|Riyadh Concentration||EPA--NAAQS Ambient Standard||ACGIH-Occupational Standard|
|Maximum average hourly||2.7||0.16|
|Maximum average daily||2.0||0.05|
|Overall sampling average||0.86||0.040||NA||0.053||25||3.0|
SOURCE: Rowe, 1991.Concentrations of NO2 were measured throughout the state of Bahrain from January 6 to January 29, 1991, at the onset of the Persian Gulf War and before the burning of the oil wells. A large number (approximately 100,000) of jet flights took place during that period. The highest NO2 levels were concentrated in Manama, the capital, with weekly mean values up to 0.145 ppm (273 µg/m3), while the lowest were in coastal villages, which had means around 0.028 ppm (53 µg/m3). Industrial areas had lower levels than the urban areas, which is characteristic where high traffic densities are the main source of NO2 (Danish and Madany, 1992).
NOTE: NA = not applicable.
Even though only limited environmental data are available, high particulate levels have been documented throughout the Persian Gulf region: 5080 µg/m3 in Riyadh, Saudi Arabia in 1982; 630 µg/m3 in Kuwait in 1983; and 674 µg/m3 in Bahrain in 1987 (Madany and Raveendran, 1992). A study from Dhahran, Saudi Arabia, reports TSP measurements for 100 days from November 1980 to March 1981. The average maximum daily value for the period was 737 µg/m3, and the geometric mean for the period was 339 µg/m3. But when the Shammal winds were blowing, peak daily concentrations reached the extraordinary values of 2923 µg/m3 (Khattak, 1982). These values are about 20 times the 24-hour U.S. ambient standard for PM10 of 150 µg/m3. The daily variability in PM10 concentration is illustrated in Figure 4.2 for Doha, Kuwait, from June to December 1991.
|Plume Type & Date Sampled (1991)||CO2||TOCa||CO||Soot (Elemental carbon)||CH4||SO2||NOx||Particles < 3.5 µm Diameter||Saltsc|
|Super-composite plume (160 km downwind from Kuwait City) May 28||10,313
|Composite plume from Greater Burgan field (20 km downwind of fires) June 12||29,143 (95.1)||915
|Individual black plume (in Umm Qudair field) June 9||8,107
|Individual white plume (in north field) June 8||35,893
|From a pool fire (in Minagish field) June 2||15,536
SOURCE: Ferek, 1992.
aTOC = Total nonmethane organic carbon in the vapor phase.
bPercentage of carbon specie contributing to the total carbon in the plume is included in the parentheses. It indicates combustion efficiency; a higher percentage means more efficient combustion.
cSalts = Sum of all salts measured.
The ground-level sampling in Kuwait City was taken during an abrupt change in weather conditions on August 7. Until August 5, winds with speeds of 35-55 km/hr (10-15 m/sec) transported the smoke from the oil fields toward the Persian Gulf, with little visual evidence of a plume across Kuwait City. On August 5, a strong, low-lying inversion developed, winds calmed, and visibility declined sharply. Winds then returned from the northwest, and, by August 9, dispersed the material that had accumulated over the city.
In the August 7 sample, the dominant component was sand dust. Sulfur, as SO2, increased by about 50 percent during the inversion. Concentrations of Cl, Pb, Br, and Zn increased at least ten-fold. The ratio of Pb to Br of about three remained constant throughout the sampling, suggesting that their primary source was local automotive traffic and not the oil well fires. Concentrations of Ca, K, Ti, Fe, and Mn increased by less than 50 percent during the inversion period. The ratios of Si, Fe, K, Ti, and Mn to Al were within 30 percent of the values for local desert soils and similar to soils in Arizona. PAH levels in Kuwait City were typically less than 0.001 µg/m3 as shown in Table 2.11 (Stevens et al., 1993).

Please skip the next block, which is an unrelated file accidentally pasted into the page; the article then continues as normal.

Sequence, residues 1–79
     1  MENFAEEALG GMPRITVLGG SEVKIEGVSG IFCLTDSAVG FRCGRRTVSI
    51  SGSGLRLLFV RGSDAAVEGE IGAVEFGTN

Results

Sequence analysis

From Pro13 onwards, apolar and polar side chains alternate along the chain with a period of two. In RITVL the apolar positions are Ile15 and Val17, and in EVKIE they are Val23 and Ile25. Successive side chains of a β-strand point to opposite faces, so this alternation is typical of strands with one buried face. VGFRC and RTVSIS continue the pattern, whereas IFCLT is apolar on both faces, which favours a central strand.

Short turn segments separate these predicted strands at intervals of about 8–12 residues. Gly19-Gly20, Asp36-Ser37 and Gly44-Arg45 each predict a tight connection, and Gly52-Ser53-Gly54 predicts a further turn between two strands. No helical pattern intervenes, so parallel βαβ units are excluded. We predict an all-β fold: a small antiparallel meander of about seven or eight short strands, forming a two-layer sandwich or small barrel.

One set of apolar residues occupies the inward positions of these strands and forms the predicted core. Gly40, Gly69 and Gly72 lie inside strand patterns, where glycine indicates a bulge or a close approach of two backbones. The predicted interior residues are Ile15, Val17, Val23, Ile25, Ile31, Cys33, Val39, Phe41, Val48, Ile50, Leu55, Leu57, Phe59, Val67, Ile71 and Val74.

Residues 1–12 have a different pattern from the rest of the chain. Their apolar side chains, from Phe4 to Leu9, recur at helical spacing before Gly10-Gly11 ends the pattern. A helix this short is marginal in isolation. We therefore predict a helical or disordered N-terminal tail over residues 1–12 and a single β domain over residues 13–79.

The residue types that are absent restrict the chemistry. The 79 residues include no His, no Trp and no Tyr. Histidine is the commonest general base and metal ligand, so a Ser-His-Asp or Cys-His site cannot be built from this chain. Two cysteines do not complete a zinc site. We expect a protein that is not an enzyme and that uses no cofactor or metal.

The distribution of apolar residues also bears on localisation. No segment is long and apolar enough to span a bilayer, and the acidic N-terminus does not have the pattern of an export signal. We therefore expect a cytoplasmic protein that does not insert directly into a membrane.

The daily PM10 concentrations ranged from 139 to 673 µg/m3 but, although quite high, cannot be attributed only to the oil fires. Comparison with available data on particulate matter from before the Gulf War shows that these levels are common for the region.
The mean daily concentrations of Ni and V ranged from 7 to 42 ng/m3 and 11 to 42 ng/m3, respectively. They were strongly correlated, indicating that they had a common source: the oil fires (Madany, 1992).
Table 2.6 depicts the average concentrations of individual components of the PAHs in Bahrain for the study period as well as what is considered background, rural, and urban values for cities around the world for comparison (Madany, 1992). It is important to note that the PAH levels in Bahrain, which is downwind from Kuwait, were at least an order of magnitude lower than the European cities with high PAH concentrations.
|Compound||Alaska||Lake Superior||Netherlands||Greece||Berlin||San Francisco||Bahrain|
SOURCE: Madany, 1992.A study on a "positive" aspect of the Kuwait oil fires looked into the comfort of the residents of Jubail, Saudi Arabia, during the Kuwait oil fires. Many Jubail residents said that it had been noticeably cooler since the fires were ignited in Kuwait. Some residents speculated that temperatures were 10o to 20oC below normal. Comparison of the mean air temperatures for the months of May and June 1991 with historical data for the same months indicates that the actual decrease in temperatures was not statistically significant. On the other hand, the mean temperatures for January to April were slightly higher than those predicted from historical data. Solar radiation data indicate a 26-36 percent decrease compared to the same months during 1979-1990. According to one researcher (Riley, 1992), "One way of looking at these results is to think of the smoke plumes as being analogous to the shade of an extended palm grove. The air temperature in the shade is the same as in full sunlight, but the level of human comfort is significantly higher under the trees because the solar-radiation load on an individual is reduced." This is an example of how the general population's perception of an effect can lead to a wrong conclusion.